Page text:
Budget 2013- 10 measures that can impact you

February 28, 2013 . Vidya Bala

Are the budget proposals expected to boost economic growth? I don’t think so, but that story can wait. For retail investors, the budget is a mixed bag. The finance minister has given some – higher deduction on home loan interest, minor tax rebate on those in the lower tax bracket, tweaking of RGESS, reduction in securities transaction tax and the much expected inflation-indexed bonds. But he has also proposed to take some money away by way of surcharge on the super rich, higher dividend distribution tax for debt funds, change in computation of luxury home value for service tax purpose and so on.
Here are 10 measures both on investments and spending that could have an impact on you:


1. RGESS expanded
The budget proposes to provide a fillip to the Rajiv Gandhi Equity Savings Scheme by tweaking the provisions of Section 80CCG, effective 1 April 2013. Investors with a total income of up to Rs 12 lakh (Rs 10 lakh currently) will henceforth be eligible for this scheme, provided they satisfy the criteria of new investor.
The deduction under this scheme will be available for three consecutive years if you invest in the scheme in each of these years. The deduction is currently available only in the first year. More importantly, investors will now have a much wider choice of funds to choose. All listed units of equity-oriented mutual funds will now be eligible for investment under this scheme. But do note that there is no change on the RGESS features such as opening a demat account and so on.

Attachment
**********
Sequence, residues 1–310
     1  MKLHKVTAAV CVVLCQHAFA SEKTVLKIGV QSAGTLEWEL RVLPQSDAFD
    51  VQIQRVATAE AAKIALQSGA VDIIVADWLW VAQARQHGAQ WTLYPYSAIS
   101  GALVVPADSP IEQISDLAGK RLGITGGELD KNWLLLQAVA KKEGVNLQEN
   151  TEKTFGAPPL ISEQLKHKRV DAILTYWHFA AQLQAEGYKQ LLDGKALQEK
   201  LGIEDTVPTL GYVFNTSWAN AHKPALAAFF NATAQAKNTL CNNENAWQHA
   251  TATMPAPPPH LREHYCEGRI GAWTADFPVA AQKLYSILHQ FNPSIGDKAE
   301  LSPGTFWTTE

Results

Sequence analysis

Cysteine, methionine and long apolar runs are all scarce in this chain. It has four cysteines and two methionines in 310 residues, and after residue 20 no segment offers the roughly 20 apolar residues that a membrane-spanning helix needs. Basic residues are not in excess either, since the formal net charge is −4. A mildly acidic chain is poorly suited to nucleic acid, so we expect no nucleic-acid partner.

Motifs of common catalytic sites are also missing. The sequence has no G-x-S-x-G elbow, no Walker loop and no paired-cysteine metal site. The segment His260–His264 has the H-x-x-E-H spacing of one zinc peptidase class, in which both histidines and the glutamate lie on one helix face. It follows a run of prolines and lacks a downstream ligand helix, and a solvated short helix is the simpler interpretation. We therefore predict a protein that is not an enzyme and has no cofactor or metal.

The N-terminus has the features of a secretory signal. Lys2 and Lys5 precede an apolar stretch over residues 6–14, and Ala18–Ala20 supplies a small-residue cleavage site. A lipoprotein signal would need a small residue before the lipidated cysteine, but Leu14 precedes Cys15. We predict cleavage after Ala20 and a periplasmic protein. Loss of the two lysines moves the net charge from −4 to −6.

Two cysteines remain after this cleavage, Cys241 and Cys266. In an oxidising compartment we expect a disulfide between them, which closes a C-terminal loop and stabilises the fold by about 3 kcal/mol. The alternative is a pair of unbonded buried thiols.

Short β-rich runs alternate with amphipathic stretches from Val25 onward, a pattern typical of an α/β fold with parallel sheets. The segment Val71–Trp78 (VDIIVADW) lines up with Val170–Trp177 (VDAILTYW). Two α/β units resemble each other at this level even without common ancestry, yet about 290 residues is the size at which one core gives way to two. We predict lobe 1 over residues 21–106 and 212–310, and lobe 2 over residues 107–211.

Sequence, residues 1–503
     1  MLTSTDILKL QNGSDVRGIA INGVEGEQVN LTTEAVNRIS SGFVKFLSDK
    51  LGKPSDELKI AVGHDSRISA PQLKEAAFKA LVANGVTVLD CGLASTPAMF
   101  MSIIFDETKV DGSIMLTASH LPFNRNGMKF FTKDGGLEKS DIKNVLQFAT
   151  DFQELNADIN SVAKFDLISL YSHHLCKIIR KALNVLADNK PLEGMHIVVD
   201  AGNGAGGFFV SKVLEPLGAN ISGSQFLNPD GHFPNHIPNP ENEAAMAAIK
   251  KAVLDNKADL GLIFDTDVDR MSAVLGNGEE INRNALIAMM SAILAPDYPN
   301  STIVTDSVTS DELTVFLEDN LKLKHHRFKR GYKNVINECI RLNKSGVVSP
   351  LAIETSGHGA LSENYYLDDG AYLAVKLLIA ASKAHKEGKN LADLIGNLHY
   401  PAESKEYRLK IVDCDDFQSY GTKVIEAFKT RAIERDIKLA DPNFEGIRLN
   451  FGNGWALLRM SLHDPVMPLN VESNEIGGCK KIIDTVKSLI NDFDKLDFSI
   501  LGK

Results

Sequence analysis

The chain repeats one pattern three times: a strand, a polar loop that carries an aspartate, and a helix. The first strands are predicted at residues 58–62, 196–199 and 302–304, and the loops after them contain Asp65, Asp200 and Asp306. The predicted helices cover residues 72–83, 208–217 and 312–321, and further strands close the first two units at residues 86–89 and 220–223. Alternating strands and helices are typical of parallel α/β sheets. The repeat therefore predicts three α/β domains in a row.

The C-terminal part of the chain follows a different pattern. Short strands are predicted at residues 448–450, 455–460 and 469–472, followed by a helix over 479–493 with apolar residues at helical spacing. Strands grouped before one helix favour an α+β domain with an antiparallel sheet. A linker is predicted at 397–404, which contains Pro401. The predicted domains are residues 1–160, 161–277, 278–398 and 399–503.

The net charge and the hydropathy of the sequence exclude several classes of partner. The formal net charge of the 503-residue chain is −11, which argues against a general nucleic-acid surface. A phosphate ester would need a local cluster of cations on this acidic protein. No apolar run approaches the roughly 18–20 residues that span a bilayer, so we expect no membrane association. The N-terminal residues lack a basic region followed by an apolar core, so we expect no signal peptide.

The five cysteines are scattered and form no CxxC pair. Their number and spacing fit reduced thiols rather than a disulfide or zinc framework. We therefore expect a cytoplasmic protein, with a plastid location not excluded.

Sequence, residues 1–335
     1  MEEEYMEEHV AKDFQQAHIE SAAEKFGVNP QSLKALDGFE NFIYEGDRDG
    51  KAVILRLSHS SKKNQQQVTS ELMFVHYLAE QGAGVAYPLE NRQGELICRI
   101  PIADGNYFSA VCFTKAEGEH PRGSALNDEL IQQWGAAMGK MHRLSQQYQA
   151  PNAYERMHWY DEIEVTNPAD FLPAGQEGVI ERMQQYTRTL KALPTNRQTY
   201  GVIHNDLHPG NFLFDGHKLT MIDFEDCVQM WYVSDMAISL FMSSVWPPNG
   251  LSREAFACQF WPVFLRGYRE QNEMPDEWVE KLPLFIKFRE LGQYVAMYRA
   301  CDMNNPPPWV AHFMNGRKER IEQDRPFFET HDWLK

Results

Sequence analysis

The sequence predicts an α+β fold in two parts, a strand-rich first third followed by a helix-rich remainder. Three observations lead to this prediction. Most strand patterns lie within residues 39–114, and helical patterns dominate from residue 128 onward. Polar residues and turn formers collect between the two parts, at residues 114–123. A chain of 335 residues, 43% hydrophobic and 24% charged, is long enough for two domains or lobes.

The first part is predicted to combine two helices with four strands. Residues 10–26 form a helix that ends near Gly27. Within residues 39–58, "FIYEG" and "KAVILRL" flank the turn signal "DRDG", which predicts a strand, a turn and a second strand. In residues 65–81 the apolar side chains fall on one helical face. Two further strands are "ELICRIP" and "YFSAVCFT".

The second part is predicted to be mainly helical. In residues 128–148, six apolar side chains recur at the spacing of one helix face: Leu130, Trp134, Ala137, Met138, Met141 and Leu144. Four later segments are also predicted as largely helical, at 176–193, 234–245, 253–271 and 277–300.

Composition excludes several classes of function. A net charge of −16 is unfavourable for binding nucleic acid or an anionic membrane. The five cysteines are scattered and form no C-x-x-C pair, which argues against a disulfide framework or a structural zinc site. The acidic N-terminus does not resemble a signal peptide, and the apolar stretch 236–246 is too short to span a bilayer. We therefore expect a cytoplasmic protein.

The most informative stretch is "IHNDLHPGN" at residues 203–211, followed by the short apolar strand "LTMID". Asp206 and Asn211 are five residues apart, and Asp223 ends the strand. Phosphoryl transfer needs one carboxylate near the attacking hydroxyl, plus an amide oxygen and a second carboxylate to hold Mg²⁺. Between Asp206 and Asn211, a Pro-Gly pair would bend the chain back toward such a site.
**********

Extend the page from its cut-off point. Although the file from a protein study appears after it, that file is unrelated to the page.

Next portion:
2. Interest on home loan
You can consider yourself lucky if you are buying a house in 2013-14. Residential property valued less than Rs 40 lakh and with a loan component of less than Rs 25 lakh will enjoy an additional interest deduction of Rs 1 lakh in FY-14. But this must be your first purchase of a property. In case you do not exhaust this amount in FY-14, you can carry the unexhausted amount to the next year. The good news is that this is over above the deduction that you normally get under the income tax act. Learn how to get down payment assistance in South California (by OnQFinancial).

3. Inflation-indexed bonds
If inflation is biting into your budget, inflation-indexed bonds may help you hedge. The Finance Minister has proposed issue of these bonds in the current fiscal in consultation with the RBI. So keep watch for any updates on this.

4. Reduction in Securities transaction tax
You mutual fund units will now suffer almost nil securities transaction tax. From Rs 25 suffered for every Rs 10,000, it would now be close to nil. See table below for details:


Commodity transaction tax introduced
If you are an avid commodity trader, then you may feel a mild pinch in the form of commodity transaction tax of 0.01% on non-agri commodity futures. This segment of the trading market, has for long, not been taxed like the equity derivatives and hence this equitable provision.

5. Marginal rebate for lower income tax bracket